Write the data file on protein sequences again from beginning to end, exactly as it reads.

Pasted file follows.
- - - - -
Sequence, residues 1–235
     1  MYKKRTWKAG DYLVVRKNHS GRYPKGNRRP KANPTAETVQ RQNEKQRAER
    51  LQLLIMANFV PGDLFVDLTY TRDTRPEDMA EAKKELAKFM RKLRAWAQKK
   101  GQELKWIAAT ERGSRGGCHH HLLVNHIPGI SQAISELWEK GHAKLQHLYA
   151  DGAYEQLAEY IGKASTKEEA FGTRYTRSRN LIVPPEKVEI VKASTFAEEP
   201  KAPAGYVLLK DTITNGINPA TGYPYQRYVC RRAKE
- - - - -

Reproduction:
Sequence, residues 1–235
     1  MYKKRTWKAG DYLVVRKNHS GRYPKGNRRP KANPTAETVQ RQNEKQRAER
    51  LQLLIMANFV PGDLFVDLTY TRDTRPEDMA EAKKELAKFM RKLRAWAQKK
   101  GQELKWIAAT ERGSRGGCHH HLLVNHIPGI SQAISELWEK GHAKLQHLYA
   151  DGAYEQLAEY IGKASTKEEA FGTRYTRSRN LIVPPEKVEI VKASTFAEEP
   201  KAPAGYVLLK DTITNGINPA TGYPYQRYVC RRAKE